All the contents of an aid convoy have now been distributed to residents of the Syrian town of Madaya, where almost 30 people are reported to have died of starvation amid a siege by government forces, activists said Tuesday.
"We stayed most of the night distributing the supplies that entered," Mazen Burhan, a member of Madaya's humanitarian committee told dpa via Skype.
Some 44 truckloads of food and medical aid reached Madaya on Monday evening, the first such delivery since October. More supplies are expected on Thursday.
The United Nations said overnight that more than 400 people in rebel-held Madaya were on the brink of death and in need of immediate medical evacuation.
The town, some 25 kilometres north-west of Damascus in mountains near the Lebanese border, has been besieged by a combination of government forces and Lebanese Shiite Hezbollah fighters since July.
Images of emaciated corpses and reports that locals have been reduced to eating grass and leaves led to a worldwide outcry.
Red Cross spokesman Pawel Krzysiek, who accompanied the aid convoy into Madaya, said the effects of the siege on residents were obvious.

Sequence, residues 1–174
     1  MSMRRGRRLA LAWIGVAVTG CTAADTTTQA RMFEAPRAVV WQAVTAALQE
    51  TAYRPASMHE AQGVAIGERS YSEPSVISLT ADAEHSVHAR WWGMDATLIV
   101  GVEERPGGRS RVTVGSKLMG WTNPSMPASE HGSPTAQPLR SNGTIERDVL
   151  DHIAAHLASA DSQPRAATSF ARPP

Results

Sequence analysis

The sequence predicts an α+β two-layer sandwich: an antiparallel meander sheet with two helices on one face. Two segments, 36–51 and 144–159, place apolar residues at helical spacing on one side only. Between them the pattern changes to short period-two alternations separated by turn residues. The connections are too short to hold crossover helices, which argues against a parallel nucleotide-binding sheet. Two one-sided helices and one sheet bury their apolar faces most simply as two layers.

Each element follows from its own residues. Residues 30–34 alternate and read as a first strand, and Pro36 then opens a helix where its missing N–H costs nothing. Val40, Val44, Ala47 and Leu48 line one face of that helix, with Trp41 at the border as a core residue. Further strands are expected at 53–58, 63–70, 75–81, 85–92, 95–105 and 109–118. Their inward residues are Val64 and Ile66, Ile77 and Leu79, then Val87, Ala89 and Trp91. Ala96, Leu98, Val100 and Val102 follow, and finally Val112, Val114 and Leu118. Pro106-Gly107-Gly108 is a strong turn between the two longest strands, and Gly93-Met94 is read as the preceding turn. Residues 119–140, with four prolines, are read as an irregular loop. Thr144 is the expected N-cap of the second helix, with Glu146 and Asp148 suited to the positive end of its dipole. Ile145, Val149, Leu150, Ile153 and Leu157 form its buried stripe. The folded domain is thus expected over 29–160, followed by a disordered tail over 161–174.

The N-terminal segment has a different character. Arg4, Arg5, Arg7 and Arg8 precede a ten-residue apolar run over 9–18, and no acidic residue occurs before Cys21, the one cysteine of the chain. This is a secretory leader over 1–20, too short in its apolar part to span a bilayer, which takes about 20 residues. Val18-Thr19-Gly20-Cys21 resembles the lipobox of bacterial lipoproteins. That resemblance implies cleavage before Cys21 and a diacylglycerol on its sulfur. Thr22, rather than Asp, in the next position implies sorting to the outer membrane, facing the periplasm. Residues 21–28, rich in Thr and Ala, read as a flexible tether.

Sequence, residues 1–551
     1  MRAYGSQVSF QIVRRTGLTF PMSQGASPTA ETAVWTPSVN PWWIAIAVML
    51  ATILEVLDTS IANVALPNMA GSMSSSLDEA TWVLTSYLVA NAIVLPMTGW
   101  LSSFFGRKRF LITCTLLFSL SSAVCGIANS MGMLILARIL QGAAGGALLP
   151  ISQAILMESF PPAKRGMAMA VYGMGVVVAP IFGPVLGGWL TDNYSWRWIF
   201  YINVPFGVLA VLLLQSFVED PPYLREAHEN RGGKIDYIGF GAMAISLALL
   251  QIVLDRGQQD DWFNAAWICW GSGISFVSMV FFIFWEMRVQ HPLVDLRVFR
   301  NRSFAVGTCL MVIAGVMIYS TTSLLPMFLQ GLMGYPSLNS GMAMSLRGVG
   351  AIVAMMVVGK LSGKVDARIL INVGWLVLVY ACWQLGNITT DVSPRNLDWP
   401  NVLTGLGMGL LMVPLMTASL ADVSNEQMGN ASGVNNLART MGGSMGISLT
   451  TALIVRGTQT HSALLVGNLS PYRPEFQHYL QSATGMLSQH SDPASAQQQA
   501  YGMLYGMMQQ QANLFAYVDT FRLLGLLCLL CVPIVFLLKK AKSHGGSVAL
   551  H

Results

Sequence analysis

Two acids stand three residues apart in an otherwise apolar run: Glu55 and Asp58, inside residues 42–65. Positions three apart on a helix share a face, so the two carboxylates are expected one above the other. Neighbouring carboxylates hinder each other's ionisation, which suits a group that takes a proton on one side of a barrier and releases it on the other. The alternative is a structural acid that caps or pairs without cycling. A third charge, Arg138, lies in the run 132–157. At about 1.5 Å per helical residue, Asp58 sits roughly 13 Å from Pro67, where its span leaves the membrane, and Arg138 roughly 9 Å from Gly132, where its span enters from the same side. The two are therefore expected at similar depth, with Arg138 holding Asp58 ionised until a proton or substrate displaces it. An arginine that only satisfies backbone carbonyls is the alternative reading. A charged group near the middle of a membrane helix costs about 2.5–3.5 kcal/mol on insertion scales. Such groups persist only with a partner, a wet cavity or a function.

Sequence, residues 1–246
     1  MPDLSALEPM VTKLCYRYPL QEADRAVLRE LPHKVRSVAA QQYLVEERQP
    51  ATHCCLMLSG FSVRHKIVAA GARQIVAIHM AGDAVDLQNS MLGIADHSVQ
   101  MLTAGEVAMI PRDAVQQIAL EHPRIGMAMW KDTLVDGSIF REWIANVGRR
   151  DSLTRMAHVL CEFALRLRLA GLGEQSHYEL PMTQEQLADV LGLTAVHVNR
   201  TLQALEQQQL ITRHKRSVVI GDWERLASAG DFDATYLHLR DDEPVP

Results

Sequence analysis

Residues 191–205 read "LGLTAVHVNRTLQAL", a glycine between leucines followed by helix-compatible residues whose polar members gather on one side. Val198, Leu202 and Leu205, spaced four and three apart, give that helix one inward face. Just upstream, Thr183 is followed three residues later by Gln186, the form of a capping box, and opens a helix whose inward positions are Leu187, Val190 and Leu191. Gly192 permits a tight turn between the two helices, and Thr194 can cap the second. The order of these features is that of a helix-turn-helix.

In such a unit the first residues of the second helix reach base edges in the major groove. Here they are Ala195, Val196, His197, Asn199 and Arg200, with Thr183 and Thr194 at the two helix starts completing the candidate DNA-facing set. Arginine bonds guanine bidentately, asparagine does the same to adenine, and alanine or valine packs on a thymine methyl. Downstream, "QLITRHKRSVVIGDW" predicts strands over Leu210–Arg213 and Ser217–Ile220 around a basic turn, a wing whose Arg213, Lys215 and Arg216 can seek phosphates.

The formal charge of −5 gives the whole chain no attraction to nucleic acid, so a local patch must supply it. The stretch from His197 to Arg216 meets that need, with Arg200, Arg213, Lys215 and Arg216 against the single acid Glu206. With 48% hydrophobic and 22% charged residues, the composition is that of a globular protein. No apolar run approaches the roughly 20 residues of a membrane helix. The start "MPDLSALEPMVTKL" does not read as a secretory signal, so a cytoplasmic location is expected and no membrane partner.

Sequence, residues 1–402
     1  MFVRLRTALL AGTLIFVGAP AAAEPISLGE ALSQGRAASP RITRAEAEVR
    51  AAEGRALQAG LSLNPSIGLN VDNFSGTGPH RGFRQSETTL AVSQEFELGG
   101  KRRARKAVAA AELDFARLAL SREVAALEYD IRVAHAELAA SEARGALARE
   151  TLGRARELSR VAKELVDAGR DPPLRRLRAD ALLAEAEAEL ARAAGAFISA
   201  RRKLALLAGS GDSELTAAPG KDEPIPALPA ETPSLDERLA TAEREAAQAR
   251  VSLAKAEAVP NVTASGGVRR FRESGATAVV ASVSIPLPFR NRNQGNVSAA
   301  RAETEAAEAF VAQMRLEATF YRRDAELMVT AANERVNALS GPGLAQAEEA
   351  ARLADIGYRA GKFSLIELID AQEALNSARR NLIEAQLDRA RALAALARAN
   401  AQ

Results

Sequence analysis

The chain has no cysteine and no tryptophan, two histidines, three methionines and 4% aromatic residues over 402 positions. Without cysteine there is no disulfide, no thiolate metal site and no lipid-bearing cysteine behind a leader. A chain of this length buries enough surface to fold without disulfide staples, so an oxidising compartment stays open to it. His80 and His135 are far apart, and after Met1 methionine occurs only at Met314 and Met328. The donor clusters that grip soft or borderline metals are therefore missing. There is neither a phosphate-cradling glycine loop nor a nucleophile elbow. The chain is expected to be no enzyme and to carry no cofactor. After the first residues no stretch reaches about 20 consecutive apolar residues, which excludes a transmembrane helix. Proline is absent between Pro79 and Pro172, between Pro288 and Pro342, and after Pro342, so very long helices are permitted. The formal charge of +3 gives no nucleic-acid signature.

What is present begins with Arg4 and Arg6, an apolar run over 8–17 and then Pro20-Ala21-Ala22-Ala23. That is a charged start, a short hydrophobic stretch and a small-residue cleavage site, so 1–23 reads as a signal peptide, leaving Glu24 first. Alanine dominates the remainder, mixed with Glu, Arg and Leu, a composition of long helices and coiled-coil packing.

Children, women and elderly men he saw on the streets looked "pale, weak and skinny," Krzysiek told dpa by phone.
He confirmed that there was an urgent need for medical evacuation of patients suffering from severe malnutrition, as well as others who were suffering as a result of the limited medical facilities inside the town.
Burhan, the activist, said that locals feared that government forces and their allies in the Lebanese Shiite Hezbollah movement would reimpose the siege once the aid delivery had been completed.
One local resident, talking to dpa via Skype, appealed for the siege to be completely lifted.
"We thank God and the good people of the world who worked on sending us the supplies, but we do not want them to stop work on lifting the siege," Abu Hussein said.
"After all, we are Syrian citizens and we have the right to live in our land and have food," he added.